Jesse Grossman is the founder and CEO of Community Bucket, an Atlanta-based venture that connects millennials with service projects throughout the city… with a social twist. It’s all about making the city better, while also helping (relatively) young folks connect with one another. Get to know Jesse and Community Bucket…
Q. What is Community Bucket, and why is it awesome?
A. Community Bucket is a better platform for meeting new people around Atlanta. We connect like-minded, socially-conscious adults – typically in the 20’s to 30’s age range – through social volunteering experiences with local nonprofits. We launched in 2012 and have since been building a community of people who are looking for new ways to do good and meet new friends.
Community Bucket is awesome because of the people who join. It’s a diverse group of young, active people from many backgrounds, yet everyone is connected by the simple desires to do good and be social. Hundreds of people have embraced the concept already, and we are constantly impressed by the quality of people who attend our events. Everyone shows up to have a good time and genuinely get to know other people, and we think that is awesome. As we expand, we hope to show more Atlantans the power of ‘Service Made Social.’
Q. Mayor for the day- what’s on your agenda?
A. Well, this is going to be one busy day… I’ll probably start with a just few big things that may or may not get me fired after day 1…but here we go:
I’d lift the regulations against street vendors and food trucks so we can catch up to other U.S. cities on the growing local/independent food scene.
I’d make MARTA free every Friday, and subsidize all taxis on the weekends so people are incentivized to use public transportation.
I’d give all teachers a hefty raise, because they deserve it
I’d keep the Braves at Turner Field
Q. 24 hours to eat your way through Atlanta- where are you going, and what are you eating?
A. That sounds too good to be true… so I am definitely starting my day with a big breakfast at Sun in My Belly. Next, I’m heading over to Lotta Frutta in the Old Fourth Ward for a delicious Cuban-style sandwich. After lunch, I’ll walk up the beltline and get a Chocolate Sea Salt King of Pops in Inman Park. For an early dinner, I am trekking up Buford Highway for some BiBimBap and traditional Korean food at Woo Nam Jeong Stone Bowl House. And to keep the gluttony going, I will probably eat my second dinner at The Porter in L5P, the best bacon burger in town (in my opinion), along with some type of dark beer on draft. If I’m still hungry after that, I’ll probably get some pizza from Fellini’s on Ponce. There’s truly too much good food in this city for one day.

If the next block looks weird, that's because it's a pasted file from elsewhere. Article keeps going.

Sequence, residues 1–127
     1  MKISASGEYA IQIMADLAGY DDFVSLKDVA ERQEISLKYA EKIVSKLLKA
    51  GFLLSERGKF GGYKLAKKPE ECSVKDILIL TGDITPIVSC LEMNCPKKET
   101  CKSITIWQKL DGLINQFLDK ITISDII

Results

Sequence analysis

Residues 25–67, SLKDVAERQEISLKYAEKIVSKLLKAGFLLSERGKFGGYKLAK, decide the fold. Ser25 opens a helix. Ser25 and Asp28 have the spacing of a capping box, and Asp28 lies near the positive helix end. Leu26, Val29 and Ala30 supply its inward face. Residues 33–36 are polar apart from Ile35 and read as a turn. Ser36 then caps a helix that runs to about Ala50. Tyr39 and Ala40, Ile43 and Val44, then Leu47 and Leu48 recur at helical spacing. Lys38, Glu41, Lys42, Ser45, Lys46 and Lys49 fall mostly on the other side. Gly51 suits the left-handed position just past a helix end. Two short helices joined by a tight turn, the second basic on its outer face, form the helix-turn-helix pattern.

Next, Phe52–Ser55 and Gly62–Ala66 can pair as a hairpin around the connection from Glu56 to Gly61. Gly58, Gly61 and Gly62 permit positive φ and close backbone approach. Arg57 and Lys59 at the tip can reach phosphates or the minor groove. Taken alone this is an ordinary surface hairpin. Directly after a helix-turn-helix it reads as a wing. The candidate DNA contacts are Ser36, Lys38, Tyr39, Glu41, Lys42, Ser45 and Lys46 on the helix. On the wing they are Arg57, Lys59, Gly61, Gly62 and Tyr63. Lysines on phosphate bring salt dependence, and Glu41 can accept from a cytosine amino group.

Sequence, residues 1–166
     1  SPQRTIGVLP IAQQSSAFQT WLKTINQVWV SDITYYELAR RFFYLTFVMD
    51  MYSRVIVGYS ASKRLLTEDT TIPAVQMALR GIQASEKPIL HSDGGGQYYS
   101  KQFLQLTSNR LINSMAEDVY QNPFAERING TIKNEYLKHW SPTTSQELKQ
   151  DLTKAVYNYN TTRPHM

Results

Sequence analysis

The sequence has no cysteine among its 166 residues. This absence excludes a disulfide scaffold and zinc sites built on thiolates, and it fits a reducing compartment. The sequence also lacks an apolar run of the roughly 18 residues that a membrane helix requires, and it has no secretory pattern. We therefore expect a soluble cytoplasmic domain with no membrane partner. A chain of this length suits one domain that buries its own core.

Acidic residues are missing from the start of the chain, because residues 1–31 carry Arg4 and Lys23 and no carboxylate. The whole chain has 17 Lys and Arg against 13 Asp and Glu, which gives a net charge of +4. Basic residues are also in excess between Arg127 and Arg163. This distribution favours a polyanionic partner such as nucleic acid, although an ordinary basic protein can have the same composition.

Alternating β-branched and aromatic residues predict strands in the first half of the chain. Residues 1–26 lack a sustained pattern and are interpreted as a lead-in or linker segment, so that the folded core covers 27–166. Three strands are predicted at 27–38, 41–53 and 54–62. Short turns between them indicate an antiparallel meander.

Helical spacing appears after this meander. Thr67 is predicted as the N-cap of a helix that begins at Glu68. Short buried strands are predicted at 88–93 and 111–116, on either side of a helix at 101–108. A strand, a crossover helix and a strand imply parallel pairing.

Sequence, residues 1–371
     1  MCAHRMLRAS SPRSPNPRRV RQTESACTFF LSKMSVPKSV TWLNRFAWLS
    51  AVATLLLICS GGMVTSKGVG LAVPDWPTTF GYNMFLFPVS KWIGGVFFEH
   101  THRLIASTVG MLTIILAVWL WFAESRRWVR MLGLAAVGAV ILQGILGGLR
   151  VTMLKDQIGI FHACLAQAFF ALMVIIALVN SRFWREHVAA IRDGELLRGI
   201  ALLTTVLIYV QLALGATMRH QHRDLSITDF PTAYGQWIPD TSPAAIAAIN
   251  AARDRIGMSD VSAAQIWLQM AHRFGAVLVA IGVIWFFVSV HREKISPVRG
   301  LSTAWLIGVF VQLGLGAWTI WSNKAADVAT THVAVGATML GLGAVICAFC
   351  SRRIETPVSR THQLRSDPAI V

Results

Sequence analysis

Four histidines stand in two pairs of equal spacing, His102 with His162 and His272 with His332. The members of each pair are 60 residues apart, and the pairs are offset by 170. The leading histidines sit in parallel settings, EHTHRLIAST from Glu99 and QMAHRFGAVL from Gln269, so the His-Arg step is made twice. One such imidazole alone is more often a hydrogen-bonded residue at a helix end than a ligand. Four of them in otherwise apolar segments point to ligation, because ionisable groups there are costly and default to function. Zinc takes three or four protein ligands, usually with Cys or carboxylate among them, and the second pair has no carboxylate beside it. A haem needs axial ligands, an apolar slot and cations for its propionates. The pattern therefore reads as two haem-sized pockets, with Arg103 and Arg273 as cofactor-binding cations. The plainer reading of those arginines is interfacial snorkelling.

Q. Favorite neighborhoods?
A. I really like the revitalization of the Old Fourth Ward in recent years, with all of its independent restaurants, bars and stores. It’s also very walk-able with the Eastside Trail now complete, and the Freedom Trail that connects it with other cool neighborhoods. Plus, you never know what you’re going to find when walking around.
Q. In ten years, Community Bucket will…
A. We’re going to be a staple in every major city, because we combine two very important things that matter to young professionals: meeting people and making an impact. From Atlanta to New York to Seattle, we believe we can be the solution for millions of young people. One of our goals is to positively change the perception of volunteering. We already do so by creating a superior experience that is built around ‘service made social.’ Not only does it benefit the individuals, but it makes our cities that much better.